Developmental Guide

Developmentally appropriate child guidance: Helping children gain self-control 

by Will Mosier

Dealing with disruptive behavior in the classroom is one of the most difficult issues an early childhood educator faces. In trying to redirect or extinguish disruptive behavior, teachers need to use developmentally appropriate practices as laid out by the National Association for the Education of Young Children (NAEYC).

According to these practices, the purpose of child guidance, or discipline, is not to control young children but to help them learn to be cooperative. The most effective techniques help children learn how to accept responsibility for their actions and empower them to exercise self-control.

Discipline should not be punishing. Instead, it should provide children with learning experiences that nurture an understanding of social consciousness. Those learning experiences include participating in generating class rules, receiving positive reinforcement for pro-social behavior, experiencing the natural and logical consequences of their behavior, and observing adults in pro-social, person-to-person interactions. Ultimately, any child guidance technique must nurture each child’s social, emotional, and cognitive development.

Involve children in creating classroom rules

An important initial step in ensuring a developmentally appropriate pro-social environment is to create a set of classroom rules in cooperation with all the children in your room on the first day of the school year. A cooperative approach is the key.

With 3-year-olds, you may need to propose two or three simple rules, explain the reasons behind them, and invite their cooperation. By the time they turn 4, most children will be able to propose rules and discuss them. Ideally, classroom rules are not teacher-dictated. They must evolve from ideas discussed with and agreed upon by the children.

By encouraging children to participate in setting rules, you are laying the foundation for a community of learners who follow rules, not because they will be punished by the teacher if they don’t, but because they feel a part of that which they help to create. Using a democratic group process helps children to develop moral reasoning.

Creating rules helps clarify behavior expectations. If children are to know what behavior is expected, the guidelines must be stated as positive actions. Help children with wording that says what they are expected to do, not what they can’t do.

For example, instead of a rule that says “No running,” the rule would read “Running is an outside activity. I walk inside.” Other examples:

“I touch people gently.”

“I talk in a quiet tone of voice.”

“When I finish with an activity, I put it back where I found it.”

“I place trash in the wastebasket.”

Once the rules have been established, create opportunities to practice them. During the first few weeks of the year, reinforce the class rules through role playing, singing songs, and reading children’s books about the rules.

In addition, you must model the rules and socially competent behavior in general. Children best learn rules by seeing them practiced by the adults in their lives. Modeling pro-social behavior demonstrates how human beings should interact with one another. It reinforces behaviors that are respectful of others.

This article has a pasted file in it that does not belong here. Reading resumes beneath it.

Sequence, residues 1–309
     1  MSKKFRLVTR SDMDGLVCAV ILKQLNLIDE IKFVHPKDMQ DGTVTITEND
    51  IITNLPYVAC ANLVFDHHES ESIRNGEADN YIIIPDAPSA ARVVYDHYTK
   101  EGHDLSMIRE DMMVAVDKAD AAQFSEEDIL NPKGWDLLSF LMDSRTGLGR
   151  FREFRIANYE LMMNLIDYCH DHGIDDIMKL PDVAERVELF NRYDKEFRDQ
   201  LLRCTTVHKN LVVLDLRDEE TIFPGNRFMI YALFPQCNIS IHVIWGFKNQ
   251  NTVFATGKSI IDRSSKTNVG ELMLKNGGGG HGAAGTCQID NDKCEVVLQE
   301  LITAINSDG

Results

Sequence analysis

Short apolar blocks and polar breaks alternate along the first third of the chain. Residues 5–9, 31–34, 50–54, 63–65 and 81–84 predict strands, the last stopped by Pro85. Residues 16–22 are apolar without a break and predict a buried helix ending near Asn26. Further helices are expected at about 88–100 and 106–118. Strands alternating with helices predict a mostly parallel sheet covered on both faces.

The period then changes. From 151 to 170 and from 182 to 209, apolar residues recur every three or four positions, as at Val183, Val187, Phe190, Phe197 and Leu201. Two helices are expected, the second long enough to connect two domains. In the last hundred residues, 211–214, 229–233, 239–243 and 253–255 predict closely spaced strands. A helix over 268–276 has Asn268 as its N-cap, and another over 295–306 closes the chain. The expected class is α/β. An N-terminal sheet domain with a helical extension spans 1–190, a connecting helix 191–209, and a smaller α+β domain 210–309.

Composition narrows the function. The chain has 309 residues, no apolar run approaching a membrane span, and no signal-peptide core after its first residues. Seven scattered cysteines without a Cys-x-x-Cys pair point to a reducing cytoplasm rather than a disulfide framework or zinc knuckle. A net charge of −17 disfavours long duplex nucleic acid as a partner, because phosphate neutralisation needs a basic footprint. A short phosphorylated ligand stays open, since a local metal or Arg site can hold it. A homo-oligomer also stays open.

Use positive reinforcement

Make a commitment to verbally reinforcing the socially competent behavior you expect in young children. Use positive feedback to reinforce pro-social, productive behavior, and to minimize disruptive behavior.

To reinforce pro-social behavior, simply look for it. When it happens, use a three-part “I” message, as explained below, to reinforce it. When disruptive behavior occurs, use positive feedback to draw attention to classroom behavior that you would like to see. Avoid focusing on the disruptive behavior.

Reinforcing pro-social behavior should not be confused with praise. Praise can damage a child’s self-esteem by making a child feel pressured into attaining arbitrary standards. Praise implies an objective value judgment. For example: “Josh, your painting is beautiful.” If praise does not continue, Josh may perceive that his value, as a person, is diminishing. A young child may start to assume that a person’s value is directly tied to an ability to produce a specific product.

A better alternative is recognition and encouragement. Encouragement is specific and focuses on the process the child used to produce the artwork or how the child is feeling at the moment. For example: “I like the effort you put into your picture” or “I see that you’re happy with the red lines and green circles.” In these examples, neither the child nor the product is labeled good or bad. The focus is on the process or behavior. When stated as positive affirmations, words of encouragement can help nurture self-esteem.

An encouragement system can also use tokens as positive feedback. For example, children could be offered tokens when displaying behavior you want to reinforce. The tokens are not used as rewards, and they are not redeemed for some tangible prize. Additionally, the tokens would never be taken away once given to a child.

This system encourages a child to repeat desired behavior and will tend to stimulate intrinsic motivation. When a child sees or hears a classmate being reinforced for a particular behavior, the attention given to the targeted behavior increases the odds that the disruptive child will be motivated to try the same behavior.

Examples of developmentally appropriate tokens are construction paper leaves that can be placed on a personalized paper tree, and paper ice cream scoops that can be stacked on a paper ice cream cone. Every child would have a tree trunk or ice cream cone on a designated bulletin board. Early in the year the children would cut out leaves or ice cream scoops and place them in a large container near the board. When a teacher observes a desired behavior, she states the behavior, how she feels about it, and invites the child to get a token. “Tyron, when I see you picking up those blocks, I feel so excited, I invite you to put a leaf on your tree!” Phrasing a message in this manner tends to encourage intrinsic motivation.